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The Carletonian

The Carletonian

Truth social or post-truth social?

Former President Donald Trump released his new, alternative social media app this past Monday, February 21. The app is ironically named “Truth Social,” an interesting choice considering he has had a copious number  of posts removed from social media for misinformation identified by independent fact checkers. His posts, filled with misleading or false information, contributed to the Capitol riot which shook the nation’s sense of democracy. Despite this, he created a social media app with the subcaption “Follow the Truth.” 

After being suspended on Twitter, Snapchat, Facebook, Instagram, Youtube and Twitch, the former president took things into his own hands with his new project. The app, owned by Trump Media and Technology Group — an initiative started by Trump after the end of his presidency — functions similar to Twitter and is available on the App Store. Just as Twitter’s posts are referred to as “tweets” and “retweets,” the Truth app posts are meant to be referred to as “truths” and “retruths.” 

His app is not the only one trying to take advantage of the conservative market for social media. Apps, notably Rumble, Parler and Gettr — where Trump is not banned — are meant to be safe havens for conservative thought. Unsurprisingly, conservatives’ complaints regarding cancel culture and censorship have led to a completely new and unique tech market: conservative social media.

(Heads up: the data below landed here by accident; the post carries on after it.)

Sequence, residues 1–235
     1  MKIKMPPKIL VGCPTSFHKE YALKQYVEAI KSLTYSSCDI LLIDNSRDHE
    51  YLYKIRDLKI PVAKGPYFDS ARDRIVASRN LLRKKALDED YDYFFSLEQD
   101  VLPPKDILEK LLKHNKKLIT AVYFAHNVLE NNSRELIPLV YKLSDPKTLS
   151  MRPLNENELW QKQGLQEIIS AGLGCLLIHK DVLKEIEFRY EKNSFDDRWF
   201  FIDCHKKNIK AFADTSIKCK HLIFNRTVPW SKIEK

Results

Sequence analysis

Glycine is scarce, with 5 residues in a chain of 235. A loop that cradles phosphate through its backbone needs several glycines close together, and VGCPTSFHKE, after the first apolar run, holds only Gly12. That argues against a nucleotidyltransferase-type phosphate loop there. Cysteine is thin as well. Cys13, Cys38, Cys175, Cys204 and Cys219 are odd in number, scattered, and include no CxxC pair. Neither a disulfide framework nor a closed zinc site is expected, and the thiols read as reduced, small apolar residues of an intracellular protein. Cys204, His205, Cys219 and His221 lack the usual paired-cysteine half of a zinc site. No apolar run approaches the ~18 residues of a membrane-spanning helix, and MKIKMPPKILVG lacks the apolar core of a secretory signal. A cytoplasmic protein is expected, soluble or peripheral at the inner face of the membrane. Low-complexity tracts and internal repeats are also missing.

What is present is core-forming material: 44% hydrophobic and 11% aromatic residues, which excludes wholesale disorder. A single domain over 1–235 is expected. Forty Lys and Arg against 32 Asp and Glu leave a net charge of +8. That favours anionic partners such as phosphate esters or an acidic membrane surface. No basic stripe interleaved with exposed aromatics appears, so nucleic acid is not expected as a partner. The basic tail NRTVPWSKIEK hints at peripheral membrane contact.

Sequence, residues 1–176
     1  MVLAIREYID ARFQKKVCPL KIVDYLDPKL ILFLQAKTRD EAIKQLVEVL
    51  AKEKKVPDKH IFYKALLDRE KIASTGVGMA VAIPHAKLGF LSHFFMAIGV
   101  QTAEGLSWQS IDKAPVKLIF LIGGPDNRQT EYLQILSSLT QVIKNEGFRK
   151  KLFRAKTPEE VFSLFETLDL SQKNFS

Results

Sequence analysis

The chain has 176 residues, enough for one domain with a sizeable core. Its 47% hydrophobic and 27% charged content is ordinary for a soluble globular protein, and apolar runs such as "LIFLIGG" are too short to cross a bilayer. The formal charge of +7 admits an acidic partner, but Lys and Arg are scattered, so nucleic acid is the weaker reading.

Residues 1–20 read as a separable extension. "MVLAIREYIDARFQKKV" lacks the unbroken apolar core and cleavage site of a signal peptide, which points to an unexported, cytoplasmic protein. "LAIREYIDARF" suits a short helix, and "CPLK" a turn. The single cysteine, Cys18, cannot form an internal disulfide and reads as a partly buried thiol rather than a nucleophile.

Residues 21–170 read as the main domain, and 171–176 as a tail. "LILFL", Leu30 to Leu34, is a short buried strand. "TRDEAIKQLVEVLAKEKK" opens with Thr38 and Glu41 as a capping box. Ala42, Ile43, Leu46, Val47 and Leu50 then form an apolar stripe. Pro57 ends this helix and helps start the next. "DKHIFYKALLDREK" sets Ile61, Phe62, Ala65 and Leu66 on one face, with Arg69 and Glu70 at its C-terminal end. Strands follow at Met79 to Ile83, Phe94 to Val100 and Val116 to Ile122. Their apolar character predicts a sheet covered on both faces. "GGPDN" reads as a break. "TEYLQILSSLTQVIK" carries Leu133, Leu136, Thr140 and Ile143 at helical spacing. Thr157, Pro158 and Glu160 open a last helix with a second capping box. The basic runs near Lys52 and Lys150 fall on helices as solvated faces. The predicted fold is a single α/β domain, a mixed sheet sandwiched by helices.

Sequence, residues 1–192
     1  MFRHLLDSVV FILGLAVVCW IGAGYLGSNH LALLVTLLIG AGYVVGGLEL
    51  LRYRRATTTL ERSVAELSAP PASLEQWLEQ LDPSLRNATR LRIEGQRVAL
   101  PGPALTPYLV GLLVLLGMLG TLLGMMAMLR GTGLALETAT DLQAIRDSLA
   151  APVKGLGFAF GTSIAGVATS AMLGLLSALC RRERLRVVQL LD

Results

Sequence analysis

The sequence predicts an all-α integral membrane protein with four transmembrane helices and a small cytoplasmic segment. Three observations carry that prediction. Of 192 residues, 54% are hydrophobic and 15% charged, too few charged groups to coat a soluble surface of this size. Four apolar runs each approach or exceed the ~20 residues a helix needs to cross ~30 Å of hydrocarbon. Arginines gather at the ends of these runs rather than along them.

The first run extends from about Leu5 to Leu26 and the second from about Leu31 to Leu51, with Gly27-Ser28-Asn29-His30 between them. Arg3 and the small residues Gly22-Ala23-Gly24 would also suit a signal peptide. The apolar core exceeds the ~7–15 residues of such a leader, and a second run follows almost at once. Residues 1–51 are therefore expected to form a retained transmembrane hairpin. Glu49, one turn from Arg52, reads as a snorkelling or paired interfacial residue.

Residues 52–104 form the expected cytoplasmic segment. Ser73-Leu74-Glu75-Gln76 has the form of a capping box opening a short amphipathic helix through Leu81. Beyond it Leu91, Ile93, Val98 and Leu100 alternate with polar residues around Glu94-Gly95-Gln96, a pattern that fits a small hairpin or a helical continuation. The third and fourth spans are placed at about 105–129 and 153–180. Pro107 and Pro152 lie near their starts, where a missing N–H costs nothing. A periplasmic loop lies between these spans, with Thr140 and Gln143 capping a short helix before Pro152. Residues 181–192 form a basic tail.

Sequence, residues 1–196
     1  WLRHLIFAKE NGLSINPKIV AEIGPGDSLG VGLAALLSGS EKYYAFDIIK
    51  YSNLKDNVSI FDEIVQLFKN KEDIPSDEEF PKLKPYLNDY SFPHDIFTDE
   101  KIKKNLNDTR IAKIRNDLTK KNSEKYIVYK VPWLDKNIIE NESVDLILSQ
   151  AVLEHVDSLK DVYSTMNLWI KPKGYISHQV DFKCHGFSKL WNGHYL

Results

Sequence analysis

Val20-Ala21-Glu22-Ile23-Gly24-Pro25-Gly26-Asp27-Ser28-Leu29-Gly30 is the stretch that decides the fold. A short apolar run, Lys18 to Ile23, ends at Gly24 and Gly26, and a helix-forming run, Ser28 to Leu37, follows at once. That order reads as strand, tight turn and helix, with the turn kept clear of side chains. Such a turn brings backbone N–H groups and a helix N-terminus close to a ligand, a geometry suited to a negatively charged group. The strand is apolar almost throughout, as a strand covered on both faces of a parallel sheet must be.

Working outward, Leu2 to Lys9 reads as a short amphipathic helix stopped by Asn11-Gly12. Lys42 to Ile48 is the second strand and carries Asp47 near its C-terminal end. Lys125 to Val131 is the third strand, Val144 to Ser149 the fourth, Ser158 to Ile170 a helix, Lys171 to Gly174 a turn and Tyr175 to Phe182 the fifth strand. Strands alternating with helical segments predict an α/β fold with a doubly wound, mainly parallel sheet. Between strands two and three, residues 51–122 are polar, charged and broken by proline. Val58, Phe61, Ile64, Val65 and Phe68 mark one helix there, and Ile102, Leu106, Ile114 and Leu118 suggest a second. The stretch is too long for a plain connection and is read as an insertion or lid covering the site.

The idea of a separate social media for those at each side of the US political spectrum is striking evidence  of two things. First, it reveals just how polarized we are: hiding behind a screen is not enough, and so an entirely new app must be composed to create safe harbor for the ramblings of the far right. Second, it shows the evolution of the word “truth” into something that lacks any sense of integrity. The idea of “alternative truths” is truly coming to fruition in apps like Truth Social, where ideas that would not be accepted as truthful on any other platform can  be shared. 

While the app bills itself as free from political discrimination, it’s pretty debatable whether Twitter discriminated against the political right or simply against misinformation itself. The conflation of political censorship with  removal of dangerous fallacies  seems a pressing issue in the ever-widening political divide. “Truth Social” is based on the concept of free speech, one of the indisputable aspects of the Constitution. However, speech is not protected by the First Amendment if the speaker intends to incite a violation of the law, as Trump did when he helped to incite the Capitol riots. 

From a business perspective, it makes sense for Trump to capitalize on the anger of his followers, but the homogeneity of the app’s content should, hypothetically, lead to its long-term failure. With no dissenting voices, Truth Social will be little more than an echo chamber. Let’s face it: the most rampant social media conversations are arguments between opposition, not between two people who agree with each other, screaming “yeah!” over and over again. 

Though the app is a clear symbol of our current political divide, its terms of service are what truly reveal its innately ridiculous nature. For an app that is completely based on the concept of freedom of speech, it does include one anecdote that can lead to censorship: “to disparage, tarnish or otherwise harm the backers of the site.” Translation: you can say whatever you want—as long as you don’t make fun of Trump.

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